18 July, 2017
What Are the Treatments for Excessive Facial Hair?
Excessive facial hair growth occurs when the body produces too much male hormone. Causes of increased male hormone production include polycystic ovary syndrome (PCOS), adrenal tumors, adrenal hyperplasia and ovarian tumors. While waxing and plucking remove hair temporarily, treating the underlying causes of excessive hair growth provides long-term results.
Some birth control pills inhibit the production of testosterone in the ovaries. These prescription drugs include ethynodiol diacetate, desogestrel, norethindrone, ethinyl estradiol with norgestimate, and ethinyl estradiol with drospirenone. As testosterone production decreases, hair growth slows, and less hair appears on the face. Side effects of birth control pills used to treat excessive facial hair include breast tenderness, nausea, headaches, high blood pressure and an increased risk of blood clots.
Women with excessive facial hair use eflornithine (Vaniqa) to prevent hair growth. This prescription drug blocks the effects of an enzyme (ornithine decarboxylase) necessary for hair growth. This allows the drug to work directly on the hair follicles and prevent the formation of new hair. The American Academy of Family Physicians reports that women with excessive hair should apply this medication to the face twice each day, with the second application occurring at last eight hours after the first.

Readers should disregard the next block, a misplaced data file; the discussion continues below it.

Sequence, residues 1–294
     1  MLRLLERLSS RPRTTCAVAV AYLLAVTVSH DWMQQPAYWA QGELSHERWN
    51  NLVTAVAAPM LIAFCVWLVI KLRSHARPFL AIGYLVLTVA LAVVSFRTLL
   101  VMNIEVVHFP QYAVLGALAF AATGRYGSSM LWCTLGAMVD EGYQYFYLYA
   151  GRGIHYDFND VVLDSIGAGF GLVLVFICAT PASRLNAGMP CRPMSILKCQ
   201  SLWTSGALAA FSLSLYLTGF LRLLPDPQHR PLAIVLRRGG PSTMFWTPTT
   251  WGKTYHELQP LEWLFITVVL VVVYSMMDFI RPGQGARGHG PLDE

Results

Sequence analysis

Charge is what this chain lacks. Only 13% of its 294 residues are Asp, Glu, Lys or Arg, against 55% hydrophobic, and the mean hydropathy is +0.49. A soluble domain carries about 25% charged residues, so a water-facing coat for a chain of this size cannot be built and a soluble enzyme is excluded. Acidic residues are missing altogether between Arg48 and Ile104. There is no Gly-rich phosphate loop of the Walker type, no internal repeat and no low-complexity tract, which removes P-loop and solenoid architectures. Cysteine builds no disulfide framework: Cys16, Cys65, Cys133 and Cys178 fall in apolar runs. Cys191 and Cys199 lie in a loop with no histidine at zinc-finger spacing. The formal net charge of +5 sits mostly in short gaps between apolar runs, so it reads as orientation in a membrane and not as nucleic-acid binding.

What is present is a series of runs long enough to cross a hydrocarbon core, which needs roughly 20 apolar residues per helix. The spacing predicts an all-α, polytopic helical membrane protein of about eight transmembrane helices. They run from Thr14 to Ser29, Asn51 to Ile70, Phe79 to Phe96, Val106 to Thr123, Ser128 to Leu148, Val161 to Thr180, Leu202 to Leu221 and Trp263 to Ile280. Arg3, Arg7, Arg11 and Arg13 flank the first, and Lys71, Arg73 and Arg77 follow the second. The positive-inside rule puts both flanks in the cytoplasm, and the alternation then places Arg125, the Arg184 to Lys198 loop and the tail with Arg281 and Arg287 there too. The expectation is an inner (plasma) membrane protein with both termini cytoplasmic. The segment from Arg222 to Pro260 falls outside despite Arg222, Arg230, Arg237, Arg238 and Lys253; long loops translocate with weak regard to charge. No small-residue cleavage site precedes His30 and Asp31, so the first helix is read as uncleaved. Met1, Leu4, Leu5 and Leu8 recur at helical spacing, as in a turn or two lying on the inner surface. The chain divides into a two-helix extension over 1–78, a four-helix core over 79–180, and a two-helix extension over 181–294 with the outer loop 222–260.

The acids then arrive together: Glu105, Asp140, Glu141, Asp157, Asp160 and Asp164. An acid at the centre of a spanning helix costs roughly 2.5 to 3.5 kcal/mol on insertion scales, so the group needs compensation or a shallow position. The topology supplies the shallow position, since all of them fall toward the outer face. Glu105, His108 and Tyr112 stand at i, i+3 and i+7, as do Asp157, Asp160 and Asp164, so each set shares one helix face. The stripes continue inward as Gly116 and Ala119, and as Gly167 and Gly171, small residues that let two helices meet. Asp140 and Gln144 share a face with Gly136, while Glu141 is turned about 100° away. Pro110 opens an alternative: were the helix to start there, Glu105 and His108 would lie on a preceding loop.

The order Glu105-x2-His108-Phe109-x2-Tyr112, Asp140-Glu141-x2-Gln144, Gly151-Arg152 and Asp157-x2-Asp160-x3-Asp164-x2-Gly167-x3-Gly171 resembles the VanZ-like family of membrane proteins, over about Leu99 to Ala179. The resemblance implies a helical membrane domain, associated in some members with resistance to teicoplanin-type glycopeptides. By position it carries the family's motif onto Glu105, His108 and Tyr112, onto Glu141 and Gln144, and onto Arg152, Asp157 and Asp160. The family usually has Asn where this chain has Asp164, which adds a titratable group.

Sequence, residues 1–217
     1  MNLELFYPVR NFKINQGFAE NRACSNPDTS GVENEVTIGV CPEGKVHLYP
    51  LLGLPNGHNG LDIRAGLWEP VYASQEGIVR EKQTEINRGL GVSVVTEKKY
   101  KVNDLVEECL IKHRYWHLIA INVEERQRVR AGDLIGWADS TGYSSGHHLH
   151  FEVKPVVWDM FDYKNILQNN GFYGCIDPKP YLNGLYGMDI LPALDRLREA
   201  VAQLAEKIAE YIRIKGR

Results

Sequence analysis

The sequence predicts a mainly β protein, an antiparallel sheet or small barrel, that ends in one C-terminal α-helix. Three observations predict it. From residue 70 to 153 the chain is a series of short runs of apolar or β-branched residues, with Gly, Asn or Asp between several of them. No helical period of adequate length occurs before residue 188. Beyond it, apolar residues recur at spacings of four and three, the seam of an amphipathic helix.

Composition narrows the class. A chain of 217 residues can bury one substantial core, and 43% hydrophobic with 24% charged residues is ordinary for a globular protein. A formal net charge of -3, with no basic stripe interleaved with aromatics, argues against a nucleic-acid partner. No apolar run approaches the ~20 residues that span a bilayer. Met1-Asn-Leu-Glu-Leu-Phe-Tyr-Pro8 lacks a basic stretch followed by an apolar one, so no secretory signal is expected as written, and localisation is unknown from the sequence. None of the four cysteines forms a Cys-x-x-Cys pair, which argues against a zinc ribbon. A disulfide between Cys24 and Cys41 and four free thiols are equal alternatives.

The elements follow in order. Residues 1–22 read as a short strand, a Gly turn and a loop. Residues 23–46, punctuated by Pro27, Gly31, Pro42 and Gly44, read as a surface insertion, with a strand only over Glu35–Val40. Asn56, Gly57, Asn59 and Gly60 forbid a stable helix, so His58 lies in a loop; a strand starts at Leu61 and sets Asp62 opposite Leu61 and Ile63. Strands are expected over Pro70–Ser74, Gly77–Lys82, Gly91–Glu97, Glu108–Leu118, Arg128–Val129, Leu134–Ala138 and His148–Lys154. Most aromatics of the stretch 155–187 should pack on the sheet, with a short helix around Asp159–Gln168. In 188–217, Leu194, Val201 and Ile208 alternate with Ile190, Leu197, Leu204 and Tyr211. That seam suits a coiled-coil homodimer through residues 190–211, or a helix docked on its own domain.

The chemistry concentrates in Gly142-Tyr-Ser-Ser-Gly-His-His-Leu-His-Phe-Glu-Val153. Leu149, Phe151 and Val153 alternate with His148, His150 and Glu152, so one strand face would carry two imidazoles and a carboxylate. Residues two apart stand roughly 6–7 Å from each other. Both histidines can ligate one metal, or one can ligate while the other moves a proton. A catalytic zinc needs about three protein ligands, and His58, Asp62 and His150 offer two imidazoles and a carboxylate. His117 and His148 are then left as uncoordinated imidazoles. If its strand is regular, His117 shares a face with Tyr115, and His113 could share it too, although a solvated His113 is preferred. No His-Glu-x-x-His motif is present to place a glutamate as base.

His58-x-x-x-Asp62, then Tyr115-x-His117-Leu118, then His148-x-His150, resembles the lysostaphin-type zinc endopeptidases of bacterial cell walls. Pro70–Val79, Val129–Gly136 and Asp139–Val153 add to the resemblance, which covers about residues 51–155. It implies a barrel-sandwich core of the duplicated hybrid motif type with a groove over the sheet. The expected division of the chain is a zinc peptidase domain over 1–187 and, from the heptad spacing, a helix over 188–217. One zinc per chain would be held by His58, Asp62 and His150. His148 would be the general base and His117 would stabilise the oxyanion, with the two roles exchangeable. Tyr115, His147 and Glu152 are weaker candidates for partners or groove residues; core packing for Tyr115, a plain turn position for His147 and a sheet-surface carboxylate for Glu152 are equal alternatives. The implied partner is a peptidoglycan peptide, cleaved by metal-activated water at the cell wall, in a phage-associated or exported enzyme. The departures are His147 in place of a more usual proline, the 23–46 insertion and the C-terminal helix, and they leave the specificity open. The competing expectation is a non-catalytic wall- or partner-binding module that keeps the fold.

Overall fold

Prescription flutamide (Eulexin) works against the male hormones that cause excessive facial hair. Side effects of this drug include diarrhea, loss of sex drive, skin rash, impotence, hot flashes, enlarged breasts, urine discoloration, blood in the urine and rectal inflammation, according to Drugs.com.
Spironolactone (Aldactone) also prevents the male hormones in the body from causing too much hair growth. Since this prescription drug has diuretic properties, increased thirst and changes in the amount of urine produced may occur. Other side effects include dizziness, mood changes, weakness, fatigue, menstrual changes, muscle spasms and problems with sexual function.
Women with polycystic ovary syndrome (PCOS) often have excessive facial hair, insulin resistance, and acne. Prescription metformin (Glucophage) reduces the amount of glucose produced in the liver, according to the Joslin Diabetes Center at Harvard University. This results in less facial hair, increased sensitivity to insulin and fewer problems with acne.
Doctors prescribe leuprolide (Lupron) for women who cannot tolerate birth control pills or do not respond to other hormonal therapies. This prescription drug increases estrogen levels in women, which blocks the effects of too much testosterone. This reduces the growth of facial hair. Since this drug contributes to vaginal inflammation and bone demineralization, medical professionals use caution when recommending leuprolide.
Adrenal hyperplasia results in excessive hair production. Corticosteroids treat this condition and improve the symptoms of acne, excessive hair and irregular menstrual cycles. Significant long-term effects make these drugs one of the last options for the treatment of excessive facial hair. These effects include ulcers, gastrointestinal bleeding, infection, weight gain, insomnia and mood changes, according to Dr. Theodore Fields, Professor of Clinical Medicine at Weill Cornell Medical College.
When excessive facial hair results from tumors of the reproductive organs or endocrine system, surgery to remove these tumors decreases the production of male hormones. This prevents excessive hair growth from occurring. Since removal of the ovaries decreases the amount of testosterone produced by women, those who struggle with excessive facial hair may elect to have their ovaries removed, even if they do not have ovarian tumors. Doctors perform this procedure on women who have already passed their childbearing years.
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